The culture of clerical hegemony has been firmly entrenched in the Catholic Church since it began to take center stage in the Roman Empire. It is a by-product of the church model, which sees itself as self-sufficient, superior and separate from the outside world. Its security, reputation and internal relations are the focus of attention. The church in this model becomes the church of the ordained at the expense of the baptized. As a result, the ordered becomes an exalted and elitist club that protects the interests and privileges its members. This explains the obfuscation and concealment so endemic to this club mentality. It is a far cry from the model of the Humble Servant at the Last Supper and is a powerful ingredient and an ideal condition for the disease of clericalism to fester.

In my opinion, we really must, once and for all, abandon this model of the clerical church. It served us well past its expiration date. The Church as understood and articulated by the Second Vatican Council sees itself as a pilgrim People of God, incarnate in the world. It is a new paradigm, based on reciprocity and not exclusion, love and not fear, service and not clericalism, engagement with the world and not flight or hostility against it, embodied grace and not dualism. The time has come for us to unambiguously and decisively embrace and implement the vision of the pilgrim Church entrusted to us by the Second Vatican Council. The time has come for the Church to truly be the Church of the baptized and, together with the ordained, all the People of God can create a new culture of humility, responsibility and service.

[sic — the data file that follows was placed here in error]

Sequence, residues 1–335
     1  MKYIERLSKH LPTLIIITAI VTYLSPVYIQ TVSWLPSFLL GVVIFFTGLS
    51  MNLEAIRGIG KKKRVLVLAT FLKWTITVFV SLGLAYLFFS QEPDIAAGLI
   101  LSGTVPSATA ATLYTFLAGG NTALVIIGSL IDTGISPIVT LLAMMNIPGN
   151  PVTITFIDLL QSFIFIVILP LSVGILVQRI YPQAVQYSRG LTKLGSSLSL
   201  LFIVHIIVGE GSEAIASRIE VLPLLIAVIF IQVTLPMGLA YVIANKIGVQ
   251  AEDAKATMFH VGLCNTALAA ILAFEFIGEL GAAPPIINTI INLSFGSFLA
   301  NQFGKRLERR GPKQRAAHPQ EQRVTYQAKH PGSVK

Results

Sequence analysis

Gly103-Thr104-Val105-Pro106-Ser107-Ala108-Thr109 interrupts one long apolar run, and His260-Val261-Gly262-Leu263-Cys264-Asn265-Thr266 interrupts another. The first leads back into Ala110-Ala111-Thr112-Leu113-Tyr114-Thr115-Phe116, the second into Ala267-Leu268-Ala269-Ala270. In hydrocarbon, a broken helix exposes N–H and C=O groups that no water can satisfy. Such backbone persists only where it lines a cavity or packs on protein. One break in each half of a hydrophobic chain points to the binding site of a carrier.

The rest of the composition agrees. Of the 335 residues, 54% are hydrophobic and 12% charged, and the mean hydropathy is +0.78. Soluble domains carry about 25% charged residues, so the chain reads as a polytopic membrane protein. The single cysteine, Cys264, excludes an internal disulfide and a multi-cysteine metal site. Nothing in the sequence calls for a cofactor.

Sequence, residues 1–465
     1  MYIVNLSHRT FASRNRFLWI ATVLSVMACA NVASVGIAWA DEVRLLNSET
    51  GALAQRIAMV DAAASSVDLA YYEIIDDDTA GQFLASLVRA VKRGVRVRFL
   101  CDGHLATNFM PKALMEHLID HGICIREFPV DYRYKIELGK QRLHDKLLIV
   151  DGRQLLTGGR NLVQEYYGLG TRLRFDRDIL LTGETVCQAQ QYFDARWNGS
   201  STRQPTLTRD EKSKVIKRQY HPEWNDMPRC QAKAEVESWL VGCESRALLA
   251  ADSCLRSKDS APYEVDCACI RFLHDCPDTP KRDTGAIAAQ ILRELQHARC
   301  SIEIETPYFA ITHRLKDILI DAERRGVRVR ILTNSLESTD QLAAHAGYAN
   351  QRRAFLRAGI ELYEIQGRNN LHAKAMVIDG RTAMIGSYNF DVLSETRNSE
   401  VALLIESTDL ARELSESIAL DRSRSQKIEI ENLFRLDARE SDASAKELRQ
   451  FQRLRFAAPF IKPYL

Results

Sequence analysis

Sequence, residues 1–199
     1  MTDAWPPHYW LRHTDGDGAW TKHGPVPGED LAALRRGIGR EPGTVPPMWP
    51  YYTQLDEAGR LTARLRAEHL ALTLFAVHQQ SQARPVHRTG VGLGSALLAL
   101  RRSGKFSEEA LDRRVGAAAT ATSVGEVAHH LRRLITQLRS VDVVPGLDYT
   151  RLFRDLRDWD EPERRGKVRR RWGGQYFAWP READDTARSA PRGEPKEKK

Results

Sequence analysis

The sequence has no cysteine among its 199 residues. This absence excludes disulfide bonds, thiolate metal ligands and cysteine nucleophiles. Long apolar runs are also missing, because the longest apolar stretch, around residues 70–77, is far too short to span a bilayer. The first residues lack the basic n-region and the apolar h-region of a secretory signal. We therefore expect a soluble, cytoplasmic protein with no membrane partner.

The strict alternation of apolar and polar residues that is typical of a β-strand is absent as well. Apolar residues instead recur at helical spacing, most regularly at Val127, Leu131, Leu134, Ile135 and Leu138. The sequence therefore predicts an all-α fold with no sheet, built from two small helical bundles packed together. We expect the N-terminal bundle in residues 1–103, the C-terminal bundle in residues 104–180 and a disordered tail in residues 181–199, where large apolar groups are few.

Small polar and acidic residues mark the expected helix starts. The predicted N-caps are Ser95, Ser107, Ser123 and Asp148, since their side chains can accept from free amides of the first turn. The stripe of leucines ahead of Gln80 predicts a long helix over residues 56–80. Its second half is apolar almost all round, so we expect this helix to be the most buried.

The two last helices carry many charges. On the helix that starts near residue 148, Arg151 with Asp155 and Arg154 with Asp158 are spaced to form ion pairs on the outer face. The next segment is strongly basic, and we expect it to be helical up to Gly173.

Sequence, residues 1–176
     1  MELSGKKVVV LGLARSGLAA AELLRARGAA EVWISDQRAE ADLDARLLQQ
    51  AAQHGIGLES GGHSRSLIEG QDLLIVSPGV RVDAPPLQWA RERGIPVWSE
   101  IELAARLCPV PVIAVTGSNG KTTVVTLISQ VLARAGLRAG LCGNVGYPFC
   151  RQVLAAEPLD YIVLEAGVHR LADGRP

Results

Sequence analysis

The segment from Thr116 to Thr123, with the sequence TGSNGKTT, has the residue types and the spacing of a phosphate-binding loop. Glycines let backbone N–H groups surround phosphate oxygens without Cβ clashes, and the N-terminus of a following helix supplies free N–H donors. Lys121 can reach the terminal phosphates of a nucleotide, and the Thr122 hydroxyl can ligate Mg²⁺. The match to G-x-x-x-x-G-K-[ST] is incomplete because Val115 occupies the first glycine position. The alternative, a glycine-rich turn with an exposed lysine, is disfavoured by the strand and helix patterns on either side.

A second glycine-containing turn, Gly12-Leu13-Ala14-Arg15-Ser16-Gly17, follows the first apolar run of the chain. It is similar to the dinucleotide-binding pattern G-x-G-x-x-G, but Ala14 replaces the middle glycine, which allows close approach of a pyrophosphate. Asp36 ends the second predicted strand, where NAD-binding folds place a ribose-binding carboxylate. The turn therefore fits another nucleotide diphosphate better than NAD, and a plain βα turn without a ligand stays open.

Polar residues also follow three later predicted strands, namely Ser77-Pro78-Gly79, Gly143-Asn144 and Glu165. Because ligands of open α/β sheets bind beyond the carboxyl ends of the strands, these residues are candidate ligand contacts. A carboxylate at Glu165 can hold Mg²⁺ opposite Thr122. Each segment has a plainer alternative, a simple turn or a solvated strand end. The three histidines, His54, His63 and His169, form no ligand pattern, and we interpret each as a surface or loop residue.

Martha J. Finley